March 5, 2015

Des Moines, IA is 1 of 12 Finalist Cities for $1-Million Public Art Challenge

5 March 2015: Bloomberg Philanthropies announced that Des Moines, Iowa is one of 12 cities in the running to receive up to $1-million in funding for public art projects that address civic topics. Des Moines was among the 237 U.S. cities that applied from 45 States, the District of Columbia, and Puerto Rico.

The Public Art Challenge is a new program aimed at supporting temporary public art projects that engage communities, enhance creativity, and enrich the vibrancy of cities. Bloomberg Philanthropies invited mayors of U.S. cities with 30,000 residents or more to submit proposals for innovative temporary public art projects that address a civic issue, and demonstrate close collaboration between artists or arts organizations and city government.

“At a time when imaginative ideas are redefining every industry, cities increasingly realize how important it is to embrace and encourage creativity,” said Michael R. Bloomberg. “There was a great response to the challenge we issued, and we hope these projects spur new excitement about the ways public art can strengthen neighborhoods, inspire residents and fuel local economies.”

Des Moines’s proposal called Listening to Water calls attention to Local River Ecology and Urban Water Trails. The City of Des Moines proposes to create art projects along its public waterways to engage the community in dialogue about local river ecology. Partnering with the GREATER DES MOINES PUBLIC ART FOUNDATION, these art projects will aim to explore urban water trails, watershed planning and river space.

Submissions were evaluated on their potential viability as dynamic public art projects, capacity to establish or strengthen public-private partnerships, inclusion of strong audience engagement strategies, and commitment to evaluating outcomes and impact on the host city.

Cities of all sizes applied: nearly 50% of the 237 submissions were from cities with populations between 30,000 and 100,000, 38% had populations between 100,000 and 500,000, and 13% of the applicant cities had over 500,000 residents. A variety of artistic disciplines were represented amongst the applications: 61% of the proposed public art projects involved visual art, 19% combined multiple disciplines, 17% featured digital media, and 3% were performing art projects.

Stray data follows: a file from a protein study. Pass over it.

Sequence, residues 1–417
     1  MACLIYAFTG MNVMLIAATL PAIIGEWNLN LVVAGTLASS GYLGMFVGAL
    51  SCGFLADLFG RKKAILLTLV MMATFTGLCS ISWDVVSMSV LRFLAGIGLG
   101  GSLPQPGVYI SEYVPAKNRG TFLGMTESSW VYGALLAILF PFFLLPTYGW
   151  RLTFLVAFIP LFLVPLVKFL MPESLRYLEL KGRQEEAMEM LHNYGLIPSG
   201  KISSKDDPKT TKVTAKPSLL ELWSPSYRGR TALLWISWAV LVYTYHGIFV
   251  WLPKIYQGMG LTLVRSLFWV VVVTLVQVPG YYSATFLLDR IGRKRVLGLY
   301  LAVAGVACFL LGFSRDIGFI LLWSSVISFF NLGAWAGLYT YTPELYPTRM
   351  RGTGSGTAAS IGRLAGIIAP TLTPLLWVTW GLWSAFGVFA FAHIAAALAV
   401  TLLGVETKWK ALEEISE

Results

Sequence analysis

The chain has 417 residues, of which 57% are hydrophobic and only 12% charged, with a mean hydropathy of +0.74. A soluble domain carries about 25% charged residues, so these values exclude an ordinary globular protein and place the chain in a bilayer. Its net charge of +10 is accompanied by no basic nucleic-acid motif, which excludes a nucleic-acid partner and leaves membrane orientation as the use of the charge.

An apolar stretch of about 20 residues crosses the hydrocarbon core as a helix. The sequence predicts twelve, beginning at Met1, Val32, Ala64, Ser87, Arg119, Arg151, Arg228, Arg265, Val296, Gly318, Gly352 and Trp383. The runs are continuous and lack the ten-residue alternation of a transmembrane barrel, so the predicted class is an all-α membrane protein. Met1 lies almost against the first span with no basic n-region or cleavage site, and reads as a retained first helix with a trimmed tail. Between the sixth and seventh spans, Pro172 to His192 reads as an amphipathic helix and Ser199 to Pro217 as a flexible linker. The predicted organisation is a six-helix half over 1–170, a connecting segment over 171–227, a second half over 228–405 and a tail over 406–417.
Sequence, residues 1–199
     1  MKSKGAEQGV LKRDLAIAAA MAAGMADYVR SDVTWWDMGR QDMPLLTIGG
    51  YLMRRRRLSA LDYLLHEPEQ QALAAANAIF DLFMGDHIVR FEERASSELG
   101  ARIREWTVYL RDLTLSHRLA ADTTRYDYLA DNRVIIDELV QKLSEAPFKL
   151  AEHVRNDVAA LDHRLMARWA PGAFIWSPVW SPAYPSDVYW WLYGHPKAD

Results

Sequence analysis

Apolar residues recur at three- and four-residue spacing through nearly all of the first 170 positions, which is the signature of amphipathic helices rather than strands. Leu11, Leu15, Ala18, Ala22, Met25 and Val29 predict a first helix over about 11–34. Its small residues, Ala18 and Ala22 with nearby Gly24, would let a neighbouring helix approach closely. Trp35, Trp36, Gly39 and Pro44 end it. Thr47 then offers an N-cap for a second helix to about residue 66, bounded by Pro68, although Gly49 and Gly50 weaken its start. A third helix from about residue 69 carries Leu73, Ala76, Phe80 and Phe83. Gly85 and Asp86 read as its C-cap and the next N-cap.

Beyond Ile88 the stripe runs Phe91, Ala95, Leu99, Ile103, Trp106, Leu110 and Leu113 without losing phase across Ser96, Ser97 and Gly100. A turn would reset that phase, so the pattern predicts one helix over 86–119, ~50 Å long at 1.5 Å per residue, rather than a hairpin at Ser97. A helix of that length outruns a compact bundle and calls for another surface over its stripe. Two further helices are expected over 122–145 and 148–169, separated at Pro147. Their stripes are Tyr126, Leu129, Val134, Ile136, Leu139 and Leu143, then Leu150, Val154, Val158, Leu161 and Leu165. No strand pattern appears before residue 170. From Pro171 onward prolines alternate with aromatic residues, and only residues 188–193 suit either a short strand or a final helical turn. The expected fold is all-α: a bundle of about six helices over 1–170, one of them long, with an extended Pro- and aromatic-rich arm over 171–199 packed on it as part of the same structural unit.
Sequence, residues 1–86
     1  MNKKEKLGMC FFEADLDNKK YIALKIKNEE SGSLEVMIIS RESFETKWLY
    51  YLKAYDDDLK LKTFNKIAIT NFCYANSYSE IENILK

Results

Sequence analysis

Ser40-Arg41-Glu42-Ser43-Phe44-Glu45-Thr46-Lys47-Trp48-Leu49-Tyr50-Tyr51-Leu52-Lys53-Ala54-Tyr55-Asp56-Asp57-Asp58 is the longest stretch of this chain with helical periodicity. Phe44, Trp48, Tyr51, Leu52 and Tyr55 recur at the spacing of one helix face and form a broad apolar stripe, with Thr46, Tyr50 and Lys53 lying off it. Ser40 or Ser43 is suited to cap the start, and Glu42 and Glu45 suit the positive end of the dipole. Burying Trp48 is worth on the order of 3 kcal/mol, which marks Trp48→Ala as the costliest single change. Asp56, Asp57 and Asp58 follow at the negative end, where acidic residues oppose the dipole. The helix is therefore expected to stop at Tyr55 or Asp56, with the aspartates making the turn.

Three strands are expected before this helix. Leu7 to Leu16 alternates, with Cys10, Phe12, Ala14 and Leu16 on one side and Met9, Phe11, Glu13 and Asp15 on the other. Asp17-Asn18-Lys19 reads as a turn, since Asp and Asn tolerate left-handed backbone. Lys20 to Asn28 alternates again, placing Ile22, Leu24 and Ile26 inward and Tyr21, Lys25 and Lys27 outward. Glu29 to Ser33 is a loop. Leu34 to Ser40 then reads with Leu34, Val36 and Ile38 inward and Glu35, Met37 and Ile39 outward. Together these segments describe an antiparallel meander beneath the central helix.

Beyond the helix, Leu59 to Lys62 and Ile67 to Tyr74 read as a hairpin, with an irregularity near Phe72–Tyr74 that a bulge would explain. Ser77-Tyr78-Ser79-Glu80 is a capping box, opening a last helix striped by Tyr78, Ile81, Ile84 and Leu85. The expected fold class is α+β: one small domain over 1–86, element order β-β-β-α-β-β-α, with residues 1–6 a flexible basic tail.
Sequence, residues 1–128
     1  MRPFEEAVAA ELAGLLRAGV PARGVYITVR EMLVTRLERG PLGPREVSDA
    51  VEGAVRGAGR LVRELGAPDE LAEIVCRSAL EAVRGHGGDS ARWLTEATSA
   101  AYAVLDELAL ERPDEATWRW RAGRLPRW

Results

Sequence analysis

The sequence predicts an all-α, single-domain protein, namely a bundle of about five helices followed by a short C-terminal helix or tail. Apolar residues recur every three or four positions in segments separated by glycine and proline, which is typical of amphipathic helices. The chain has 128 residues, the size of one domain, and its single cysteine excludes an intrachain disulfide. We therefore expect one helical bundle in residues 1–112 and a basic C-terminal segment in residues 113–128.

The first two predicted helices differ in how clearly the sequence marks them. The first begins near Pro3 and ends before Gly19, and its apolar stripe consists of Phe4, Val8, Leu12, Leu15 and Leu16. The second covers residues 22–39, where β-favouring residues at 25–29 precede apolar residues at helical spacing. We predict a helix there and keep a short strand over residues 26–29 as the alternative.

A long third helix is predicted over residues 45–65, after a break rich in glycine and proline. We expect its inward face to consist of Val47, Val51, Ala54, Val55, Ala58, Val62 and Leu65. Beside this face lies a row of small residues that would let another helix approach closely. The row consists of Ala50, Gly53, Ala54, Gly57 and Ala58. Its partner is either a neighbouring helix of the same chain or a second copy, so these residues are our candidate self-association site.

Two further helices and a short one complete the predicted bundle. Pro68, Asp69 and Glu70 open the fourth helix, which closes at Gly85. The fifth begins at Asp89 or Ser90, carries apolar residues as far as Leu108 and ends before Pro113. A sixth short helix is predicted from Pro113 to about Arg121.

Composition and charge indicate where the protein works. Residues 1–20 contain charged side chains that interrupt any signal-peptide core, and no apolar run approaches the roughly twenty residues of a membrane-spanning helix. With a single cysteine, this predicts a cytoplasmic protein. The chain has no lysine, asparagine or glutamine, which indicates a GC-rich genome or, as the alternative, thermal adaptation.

The Public Art Challenge grant will cover development, execution and project related expenditures but will not fund 100% of project costs.

The grant is intended to provide catalytic funds as part of a strong, committed consortium of supporters. At least three winning cities will be selected in May to execute their projects over a maximum of 24 months.

More information about the Public Art Challenge, including links to images and maps can be found here.

February 16, 2015

Mega TV-montage The Clock debuts in the West at the Art Gallery of Alberta

Christian Ernest Marclay (born 11 January 1955) is a Swiss and American visual artist and composer. At the 2011 Venice Biennale, representing the United States of America, Marclay was recognised as the best artist in the official exhibition, winning the Golden Lion for The Clock, a 24-hour compilation of time-related scenes from movies that debuted at London's White Cube gallery in 2010. Newsweek responded by naming Marclay one of the ten most important artists of today. Accepting the Golden Lion, Marclay invoked Andy Warhol, thanking the jury "for giving The Clock its fifteen minutes".

Christian Ernest Marclay (born 11 January 1955) is a Swiss and American visual artist and composer. At the 2011 Venice Biennale, representing the United States of America, Marclay was recognised as the best artist in the official exhibition, winning the Golden Lion for The Clock, a 24-hour compilation of time-related scenes from movies that debuted at London’s White Cube gallery in 2010. Newsweek responded by naming Marclay one of the ten most important artists of today. Accepting the Golden Lion, Marclay invoked Andy Warhol, thanking the jury “for giving The Clock its fifteen minutes”.